Last week our friends at Measurely shared a story we told to the crew at Hemmings House of how we measure the outcomes of our social media efforts using their incredible tools (see video at top of page). To make our story clear, here's what matters to us:
If Kelly shares 30 of our online assets (reshares something we posted, likes us on Facebook etc.) in a month and Bob shares 3, the buzz game tells us we should really get to know Kelly better. But if Measurely shows us that Kelly led to only one signup for our courses and Bob led to 20, business logic tells me Bob is our guy. He's the advocate who is sharing and influencing our brand and buzz alone would have put him low on our priority list.
Get it? Buzz is good. Measured growth is better.
Yes, social business is about people connecting to people, building relationships, getting to know how to help, and adjusting products or services for the people who support the brand.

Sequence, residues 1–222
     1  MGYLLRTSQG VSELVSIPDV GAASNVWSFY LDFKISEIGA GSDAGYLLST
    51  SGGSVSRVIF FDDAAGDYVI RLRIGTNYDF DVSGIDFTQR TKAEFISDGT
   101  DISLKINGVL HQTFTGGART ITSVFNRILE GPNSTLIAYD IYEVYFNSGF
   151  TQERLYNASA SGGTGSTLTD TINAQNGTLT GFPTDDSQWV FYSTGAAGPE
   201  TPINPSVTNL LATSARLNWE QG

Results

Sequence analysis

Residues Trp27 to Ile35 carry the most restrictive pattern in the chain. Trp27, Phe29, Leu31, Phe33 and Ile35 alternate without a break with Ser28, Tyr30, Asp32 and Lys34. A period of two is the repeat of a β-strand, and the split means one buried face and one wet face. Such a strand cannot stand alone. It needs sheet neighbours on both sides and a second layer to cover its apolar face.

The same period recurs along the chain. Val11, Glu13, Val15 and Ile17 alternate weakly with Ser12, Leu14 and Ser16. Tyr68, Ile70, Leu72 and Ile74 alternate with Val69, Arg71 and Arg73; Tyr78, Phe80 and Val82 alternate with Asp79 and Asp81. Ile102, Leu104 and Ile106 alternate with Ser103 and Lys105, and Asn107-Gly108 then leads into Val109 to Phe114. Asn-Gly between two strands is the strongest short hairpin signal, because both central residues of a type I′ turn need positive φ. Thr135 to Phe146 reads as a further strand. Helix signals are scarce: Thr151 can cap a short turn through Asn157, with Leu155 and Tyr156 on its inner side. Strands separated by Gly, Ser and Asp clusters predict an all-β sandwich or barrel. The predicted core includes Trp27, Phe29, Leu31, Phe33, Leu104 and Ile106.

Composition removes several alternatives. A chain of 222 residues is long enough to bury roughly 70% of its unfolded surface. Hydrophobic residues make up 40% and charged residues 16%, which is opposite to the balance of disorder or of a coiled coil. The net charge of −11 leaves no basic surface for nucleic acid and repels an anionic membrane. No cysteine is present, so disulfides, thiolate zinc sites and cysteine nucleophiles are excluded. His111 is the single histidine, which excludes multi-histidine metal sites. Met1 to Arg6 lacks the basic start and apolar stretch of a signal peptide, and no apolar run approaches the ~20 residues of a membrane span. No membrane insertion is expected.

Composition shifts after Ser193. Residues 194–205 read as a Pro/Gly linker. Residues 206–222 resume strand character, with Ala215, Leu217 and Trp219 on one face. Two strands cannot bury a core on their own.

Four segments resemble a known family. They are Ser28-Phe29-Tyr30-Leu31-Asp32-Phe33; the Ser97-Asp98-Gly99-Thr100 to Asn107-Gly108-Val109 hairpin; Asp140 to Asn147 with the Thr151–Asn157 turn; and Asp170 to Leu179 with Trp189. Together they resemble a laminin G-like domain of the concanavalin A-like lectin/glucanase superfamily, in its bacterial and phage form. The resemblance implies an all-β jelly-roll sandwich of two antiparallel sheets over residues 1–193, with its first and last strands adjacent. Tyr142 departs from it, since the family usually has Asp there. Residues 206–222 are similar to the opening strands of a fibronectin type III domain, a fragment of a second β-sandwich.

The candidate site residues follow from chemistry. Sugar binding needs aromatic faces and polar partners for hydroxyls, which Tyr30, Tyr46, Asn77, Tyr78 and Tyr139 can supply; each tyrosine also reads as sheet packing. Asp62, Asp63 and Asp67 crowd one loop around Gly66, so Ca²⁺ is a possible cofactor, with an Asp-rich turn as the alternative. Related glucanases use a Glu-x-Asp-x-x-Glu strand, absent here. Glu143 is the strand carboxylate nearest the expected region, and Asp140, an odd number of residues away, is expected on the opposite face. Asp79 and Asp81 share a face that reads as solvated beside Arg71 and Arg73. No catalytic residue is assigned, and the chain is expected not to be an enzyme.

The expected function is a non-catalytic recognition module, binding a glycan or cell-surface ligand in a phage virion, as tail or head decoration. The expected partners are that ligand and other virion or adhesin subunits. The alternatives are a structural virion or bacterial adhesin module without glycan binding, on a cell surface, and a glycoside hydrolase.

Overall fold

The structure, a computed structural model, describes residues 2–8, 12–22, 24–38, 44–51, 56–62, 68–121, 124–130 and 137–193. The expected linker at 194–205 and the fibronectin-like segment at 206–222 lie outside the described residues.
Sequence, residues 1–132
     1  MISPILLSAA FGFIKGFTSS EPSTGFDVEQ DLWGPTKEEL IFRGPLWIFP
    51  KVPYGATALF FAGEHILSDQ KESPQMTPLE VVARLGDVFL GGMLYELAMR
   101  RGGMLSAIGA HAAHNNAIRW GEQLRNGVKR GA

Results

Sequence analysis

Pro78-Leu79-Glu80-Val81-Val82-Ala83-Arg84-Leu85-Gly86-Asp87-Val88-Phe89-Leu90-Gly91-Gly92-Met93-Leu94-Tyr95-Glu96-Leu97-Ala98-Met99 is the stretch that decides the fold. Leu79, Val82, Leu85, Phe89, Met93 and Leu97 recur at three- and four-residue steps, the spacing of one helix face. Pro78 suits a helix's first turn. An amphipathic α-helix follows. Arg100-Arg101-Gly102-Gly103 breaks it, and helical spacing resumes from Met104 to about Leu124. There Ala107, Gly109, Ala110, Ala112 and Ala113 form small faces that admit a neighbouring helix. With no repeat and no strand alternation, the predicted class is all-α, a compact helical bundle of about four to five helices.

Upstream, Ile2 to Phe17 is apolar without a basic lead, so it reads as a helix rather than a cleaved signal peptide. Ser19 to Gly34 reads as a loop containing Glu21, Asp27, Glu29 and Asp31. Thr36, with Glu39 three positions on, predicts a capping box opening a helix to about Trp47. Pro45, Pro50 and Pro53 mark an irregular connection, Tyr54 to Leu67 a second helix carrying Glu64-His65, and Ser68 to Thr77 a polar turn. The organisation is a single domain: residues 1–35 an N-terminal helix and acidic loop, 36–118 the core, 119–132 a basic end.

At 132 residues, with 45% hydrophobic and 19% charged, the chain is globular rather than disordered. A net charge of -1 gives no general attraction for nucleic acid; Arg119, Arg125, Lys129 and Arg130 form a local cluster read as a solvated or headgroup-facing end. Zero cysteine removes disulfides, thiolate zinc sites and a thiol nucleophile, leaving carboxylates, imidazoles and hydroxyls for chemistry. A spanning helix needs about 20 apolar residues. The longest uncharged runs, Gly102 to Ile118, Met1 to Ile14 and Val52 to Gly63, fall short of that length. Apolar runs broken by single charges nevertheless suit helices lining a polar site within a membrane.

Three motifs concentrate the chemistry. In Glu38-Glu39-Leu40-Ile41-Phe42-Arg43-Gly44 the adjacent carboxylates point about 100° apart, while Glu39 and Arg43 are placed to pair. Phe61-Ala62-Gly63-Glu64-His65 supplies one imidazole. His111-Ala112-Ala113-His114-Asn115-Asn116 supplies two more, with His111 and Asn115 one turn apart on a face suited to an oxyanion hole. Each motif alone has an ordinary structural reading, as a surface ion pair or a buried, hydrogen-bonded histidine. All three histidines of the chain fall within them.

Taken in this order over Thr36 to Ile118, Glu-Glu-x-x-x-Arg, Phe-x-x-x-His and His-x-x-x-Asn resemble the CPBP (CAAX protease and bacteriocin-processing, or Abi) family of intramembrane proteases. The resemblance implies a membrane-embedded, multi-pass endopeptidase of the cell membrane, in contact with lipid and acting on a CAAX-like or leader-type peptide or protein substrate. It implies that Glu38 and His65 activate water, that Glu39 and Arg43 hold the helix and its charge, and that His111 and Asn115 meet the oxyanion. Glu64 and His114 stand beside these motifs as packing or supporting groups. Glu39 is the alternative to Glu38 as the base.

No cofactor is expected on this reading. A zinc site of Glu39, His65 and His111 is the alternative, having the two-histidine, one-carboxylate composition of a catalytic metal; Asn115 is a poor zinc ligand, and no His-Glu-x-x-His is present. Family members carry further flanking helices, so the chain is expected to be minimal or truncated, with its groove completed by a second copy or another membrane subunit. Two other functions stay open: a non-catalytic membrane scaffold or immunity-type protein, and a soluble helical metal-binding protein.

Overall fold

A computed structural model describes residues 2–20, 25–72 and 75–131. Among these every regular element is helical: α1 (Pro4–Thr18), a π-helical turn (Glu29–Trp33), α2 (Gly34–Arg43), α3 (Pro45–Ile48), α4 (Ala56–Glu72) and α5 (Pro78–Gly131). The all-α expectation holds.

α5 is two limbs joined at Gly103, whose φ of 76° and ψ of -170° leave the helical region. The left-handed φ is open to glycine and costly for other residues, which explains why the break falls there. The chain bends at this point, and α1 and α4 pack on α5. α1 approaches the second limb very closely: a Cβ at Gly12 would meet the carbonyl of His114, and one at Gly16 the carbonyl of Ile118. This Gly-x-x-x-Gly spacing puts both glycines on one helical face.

But people socialize with people, not brands. A brand can't socialize any more than it can eat a sandwich. Brands can't talk and walk so brand content needs to be as focused on the things that will cause growth as possible so the brand community will have something to talk about that is relevant and useful.
Measurely has become an essential partner to help us support our client's growth goals and to help us grow our own business. We are more than happy to be advocates for them. So important has their product becomes to Sociallogical that we even created a central business service around it.